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BIO8102B: Biostatistics (Fall term)

Course description:

(This is now obsolete because the restructuring of biostats courses in Biology Department. This course will now cover mainly multivariate statistics, but with student-requested topics having priority)

 Below you will find an outline of topics intended to be covered by the Applied Statistics grad course. The main goal is to understand the rationale of these statistical analyses, to use SAS to carry out the relevant statistical analysis and to properly interpret SAS output.

However, what is the most important for a biologist is to analyze and re-analyze the biological problem before any analysis of the data (or ideally before the experiment and data collection.

R. A. Fisher once remarked that "To consult the statistician after an experiment is finished is often merely to ask him to conduct a post mortem examination. He can perhaps say what the experiment died of."

(I may not be able to cover all the topics listed below.)

  1. Statistics and decision making
  2. SAS software
  3. Statistical estimation and significance tests (descriptive and hypothesis-drive research)
  4. Probability and statistical distributions
  5. One-sample hypothesis, power and sample size in statistical tests
  6. Dependent and independent variables (DV and IV), continuous and categorical variables
  7. Statistics involving one set of continuous DVs and one set of categorical IVs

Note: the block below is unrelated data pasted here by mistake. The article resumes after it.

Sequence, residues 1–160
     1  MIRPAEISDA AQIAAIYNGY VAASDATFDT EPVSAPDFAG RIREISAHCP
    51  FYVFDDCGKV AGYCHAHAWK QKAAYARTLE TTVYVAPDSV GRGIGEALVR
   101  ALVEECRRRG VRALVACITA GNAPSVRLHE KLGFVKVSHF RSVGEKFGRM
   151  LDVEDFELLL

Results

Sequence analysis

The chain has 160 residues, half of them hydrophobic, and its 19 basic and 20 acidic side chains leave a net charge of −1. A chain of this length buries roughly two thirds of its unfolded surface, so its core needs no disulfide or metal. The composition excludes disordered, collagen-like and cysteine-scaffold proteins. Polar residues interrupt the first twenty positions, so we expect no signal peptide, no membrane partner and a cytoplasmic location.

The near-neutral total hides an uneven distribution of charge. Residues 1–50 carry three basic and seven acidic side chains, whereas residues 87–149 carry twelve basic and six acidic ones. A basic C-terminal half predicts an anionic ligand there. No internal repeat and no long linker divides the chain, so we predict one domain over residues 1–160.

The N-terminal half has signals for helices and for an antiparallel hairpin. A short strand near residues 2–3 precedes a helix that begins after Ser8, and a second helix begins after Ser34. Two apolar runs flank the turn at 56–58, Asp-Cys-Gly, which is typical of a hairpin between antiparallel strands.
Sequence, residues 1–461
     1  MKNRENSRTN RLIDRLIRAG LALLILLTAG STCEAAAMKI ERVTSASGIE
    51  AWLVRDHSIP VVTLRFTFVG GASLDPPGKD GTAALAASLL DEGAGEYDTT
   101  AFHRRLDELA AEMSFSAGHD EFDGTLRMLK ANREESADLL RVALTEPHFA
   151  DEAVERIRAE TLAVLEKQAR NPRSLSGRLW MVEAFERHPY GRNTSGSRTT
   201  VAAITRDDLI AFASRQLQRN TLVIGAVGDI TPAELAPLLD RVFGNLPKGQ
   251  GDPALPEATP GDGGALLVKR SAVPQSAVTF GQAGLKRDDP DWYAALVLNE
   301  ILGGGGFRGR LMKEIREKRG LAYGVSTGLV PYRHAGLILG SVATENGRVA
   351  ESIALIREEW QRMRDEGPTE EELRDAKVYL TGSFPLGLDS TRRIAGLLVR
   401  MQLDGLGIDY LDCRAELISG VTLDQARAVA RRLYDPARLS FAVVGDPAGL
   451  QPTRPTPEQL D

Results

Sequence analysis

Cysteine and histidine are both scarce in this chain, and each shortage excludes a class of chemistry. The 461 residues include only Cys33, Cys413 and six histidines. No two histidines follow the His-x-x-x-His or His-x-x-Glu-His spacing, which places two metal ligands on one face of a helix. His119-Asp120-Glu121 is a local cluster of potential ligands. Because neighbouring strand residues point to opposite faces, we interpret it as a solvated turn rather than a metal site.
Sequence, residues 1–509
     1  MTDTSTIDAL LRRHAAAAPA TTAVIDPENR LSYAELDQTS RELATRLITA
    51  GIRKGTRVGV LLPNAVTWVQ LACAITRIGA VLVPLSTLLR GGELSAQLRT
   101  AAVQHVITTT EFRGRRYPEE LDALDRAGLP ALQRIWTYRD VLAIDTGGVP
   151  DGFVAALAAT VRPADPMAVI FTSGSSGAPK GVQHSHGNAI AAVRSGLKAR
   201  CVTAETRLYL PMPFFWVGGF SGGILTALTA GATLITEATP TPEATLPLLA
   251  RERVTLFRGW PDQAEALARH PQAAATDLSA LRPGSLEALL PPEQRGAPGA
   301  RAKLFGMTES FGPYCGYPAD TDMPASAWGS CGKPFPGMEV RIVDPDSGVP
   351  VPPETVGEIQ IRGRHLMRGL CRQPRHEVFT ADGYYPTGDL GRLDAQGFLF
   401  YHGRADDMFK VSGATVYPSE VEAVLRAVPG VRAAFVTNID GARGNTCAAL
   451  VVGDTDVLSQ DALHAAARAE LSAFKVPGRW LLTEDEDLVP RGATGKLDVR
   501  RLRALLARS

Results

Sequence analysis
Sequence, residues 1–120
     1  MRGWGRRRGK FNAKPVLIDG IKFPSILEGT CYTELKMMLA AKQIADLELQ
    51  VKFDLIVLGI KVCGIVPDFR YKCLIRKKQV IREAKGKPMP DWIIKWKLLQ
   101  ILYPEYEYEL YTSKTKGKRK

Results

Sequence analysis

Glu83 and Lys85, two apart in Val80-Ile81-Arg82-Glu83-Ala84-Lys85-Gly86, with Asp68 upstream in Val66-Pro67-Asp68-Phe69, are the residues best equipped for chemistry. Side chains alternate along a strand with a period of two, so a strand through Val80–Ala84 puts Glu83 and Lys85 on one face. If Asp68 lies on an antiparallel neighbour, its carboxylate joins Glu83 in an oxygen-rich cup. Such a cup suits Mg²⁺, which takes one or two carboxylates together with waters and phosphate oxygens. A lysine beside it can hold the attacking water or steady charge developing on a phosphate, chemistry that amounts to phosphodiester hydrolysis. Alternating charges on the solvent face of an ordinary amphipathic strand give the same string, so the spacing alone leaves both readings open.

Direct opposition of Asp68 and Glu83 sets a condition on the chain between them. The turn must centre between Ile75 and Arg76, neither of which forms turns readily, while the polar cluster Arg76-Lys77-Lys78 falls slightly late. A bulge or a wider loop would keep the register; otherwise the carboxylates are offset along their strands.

1. Two-sample hypotheses (one continuous DV with one categorical IV of two categories)
    2. ANOVA (analysis of variance, one continuous DV with one or more categorical IVs of two or more categories), multiple comparisons, family-wise error rate and false discovery rate.
    3. MANOVA (multivariate analysis of variance, multiple continuous DVs with one or more categorical IVs of two or more categories)
  8. ANCOVA (analysis of covariance, one continuous DV with one or more categorical IV plus one or more continuous covariates)
  9. Data transformation and normalization
  10. Statistics involving two sets of continuous variables
    1. With one set is DV and another is IV
      1. One continuous DV and one continuous IV: simple linear and non-linear regression
      2. One continuous DV and multiple continuous IVs: multiple linear regression, polynomial regression
      3. Multiple continuous DVs and multiple continuous IVs: multivariate regression (optional)
      4. One binary DV and one or more continuous IVs: logistic regression.
    2. With no IV/DV designation
      1. Bivariate correlation
      2. One set contains a single variable, the other contains multiple variables: multiple correlation and partial correlation
      3. Both sets contains multiple variables: canonical correlation
  11. Other multivariate statistical methods
    1. Principal component analysis
    2. Correspondence analysis
    3. Cluster analysis
    4. Discriminant function analysis
  12. Data analysis of categorical variables
    1. Goodness of fit test
    2. Two-way contingency tables
    3. Log-linear models for multi-way contingency tables
  13. Statistical criteria for model selection

Reference book

  1. Sokal, R. R., Rohlf, F. J., 1995. Biometry. Freeman, New York. (Any edition of the book would be fine)
  2. Zar, J. H., 1999. Biostatistical analysis. Prentice Hall, Upper Saddle River, New Jersey. (Any edition of the book would be fine)
  3. Any textbook on multivariate statistics for biologists

Evaluation:

Continuous assessment with assignments and classroom quizes.

Time and location:

Check

Web page:

bio8102b.aspx

Instructor:

Dr. Xuhua Xia, Rm. 278, 30 Marie Curie.
E-mail: xxia@uottawa.ca
Phone: 562-5800 ext 6886
Office hour: Friday between 9:00 am - 12:00 pm

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